NEW YORK (
) -- Has the financial system been reformed yet?
Reading the news, you'd think something momentous had happened.
The New York Times
calls it "the biggest overhaul of financial regulations since the Great Depression."
goes out on a limb and calls it "the most sweeping overhaul of U.S. financial regulation since the Great Depression."
The Wall Street Journal
showed more restraint, but still stated that the legislation coming out of Congress will "transform financial regulation."
couldn't find a way to avoid using the word "overhaul" in its lede, but, to its credit, got in a subtle dig in the second paragraph, saying it "may crimp the industry's profits."
May crimp? That's the best we can do in our sweeping overhaul -- possibly knock a few pennies off the profits of a
Bank of America
The stock market didn't seem to be too worried Friday morning, as shares of those and other financial giants like
were all in positive territory a few minutes after the market opened. So was the
Financial Select Sector SPDR
, a widely-tracked exchange traded fund that serves as a proxy for the financial industry.
True, shares of financial companies have sold off in recent weeks, and Friday's gains aren't on a pace to undo that damage. But I wouldn't be surprised in a few weeks to see that financial stocks have touched new post-crisis highs.
We keep hearing that these are the biggest reforms since the Great Depression, but that ain't saying a whole lot. What's the competition? Sarbanes Oxley? Remember the sweeping overhaul of energy trading and accounting after Enron imploded? Oh, that's right, there wasn't one. Remember how everyone stopped insider trading after the sweeping investigation in the 1980's that brought down junk bond king Michael Milken? I mean I assume nearly everyone stopped after that since I can't think of anyone the Securities and Exchange Commission busted after that until the arrest of Raj Rajaratnam last year.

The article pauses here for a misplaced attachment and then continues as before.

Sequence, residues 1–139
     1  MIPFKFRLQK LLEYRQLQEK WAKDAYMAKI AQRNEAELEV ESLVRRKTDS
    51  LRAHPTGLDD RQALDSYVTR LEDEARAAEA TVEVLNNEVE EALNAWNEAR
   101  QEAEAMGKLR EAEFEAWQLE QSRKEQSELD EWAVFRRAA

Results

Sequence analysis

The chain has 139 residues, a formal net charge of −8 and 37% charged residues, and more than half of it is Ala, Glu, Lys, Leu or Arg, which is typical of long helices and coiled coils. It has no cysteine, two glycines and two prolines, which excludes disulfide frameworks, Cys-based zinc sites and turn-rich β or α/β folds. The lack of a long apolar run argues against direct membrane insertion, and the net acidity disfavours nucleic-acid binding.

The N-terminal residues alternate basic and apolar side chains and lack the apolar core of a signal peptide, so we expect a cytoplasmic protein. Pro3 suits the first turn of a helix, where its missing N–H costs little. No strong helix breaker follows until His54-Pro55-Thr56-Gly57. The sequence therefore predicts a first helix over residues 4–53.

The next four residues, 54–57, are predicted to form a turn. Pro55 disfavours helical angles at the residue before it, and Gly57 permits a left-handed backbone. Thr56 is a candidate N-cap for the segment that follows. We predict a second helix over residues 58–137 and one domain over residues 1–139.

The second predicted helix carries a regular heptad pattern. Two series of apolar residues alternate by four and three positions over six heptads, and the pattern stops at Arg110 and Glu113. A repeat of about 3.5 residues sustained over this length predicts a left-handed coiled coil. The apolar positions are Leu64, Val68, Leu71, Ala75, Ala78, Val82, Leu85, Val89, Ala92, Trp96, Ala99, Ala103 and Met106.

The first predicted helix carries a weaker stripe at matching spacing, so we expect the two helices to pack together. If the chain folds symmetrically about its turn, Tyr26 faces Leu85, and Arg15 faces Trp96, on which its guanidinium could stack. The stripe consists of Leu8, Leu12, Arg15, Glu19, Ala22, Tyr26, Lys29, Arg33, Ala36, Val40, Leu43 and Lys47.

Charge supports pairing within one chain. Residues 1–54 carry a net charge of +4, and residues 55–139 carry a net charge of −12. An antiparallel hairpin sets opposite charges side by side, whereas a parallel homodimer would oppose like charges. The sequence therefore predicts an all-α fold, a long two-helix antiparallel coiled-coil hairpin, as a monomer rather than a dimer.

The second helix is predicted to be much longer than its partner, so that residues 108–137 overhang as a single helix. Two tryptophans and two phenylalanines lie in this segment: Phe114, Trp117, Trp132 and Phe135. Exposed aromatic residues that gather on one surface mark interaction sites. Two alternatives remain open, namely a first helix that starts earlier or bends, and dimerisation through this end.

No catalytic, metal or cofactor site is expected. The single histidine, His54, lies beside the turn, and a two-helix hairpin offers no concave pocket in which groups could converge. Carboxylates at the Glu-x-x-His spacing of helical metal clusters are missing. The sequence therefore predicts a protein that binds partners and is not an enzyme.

But regulators now have new tools, we're told. There will be a new council watching out for systemic risks. How much do you want to bet on the chances they're going to find them?
The biggest reform appears to impact the market for derivatives. Most of them will now be traded on exchanges, and a central clearing party will make it more difficult for the market to take on massive bets they won't be able to cover, as happened most notoriously with
. Still, banks will retain a healthy business in these products, even though they will have to trade certain derivatives out of affiliates -- a virtually meaningless change that nonetheless elicited tons of griping.
The dreaded "Volcker Rule," is in there, meaning banks can't do proprietary trading or private equity investing on their own. Still, they can invest in firms that do these things, and I can't believe it will take them longer than five minutes to find a way around the proprietary trading restrictions.
There are consumer protections, too, meaning banks will have to find new ways to nickel and dime their customers to death. They are already on the job, planning to end free checking accounts, for example.
The greatest overhaul since the Great Depression? The fact is that since the Great Depression, the financial services industry has grown from a biped to a millipede. For the first time since the Great Depression, it may have stubbed a toe on one of its 1,000 feet. You'd expect any insect to scream and yell in such a circumstance, as financial CEOs and their lobbyists have been doing for several months now. But don't confuse that screaming and yelling for meaningful change.
Written by Dan Freed in New York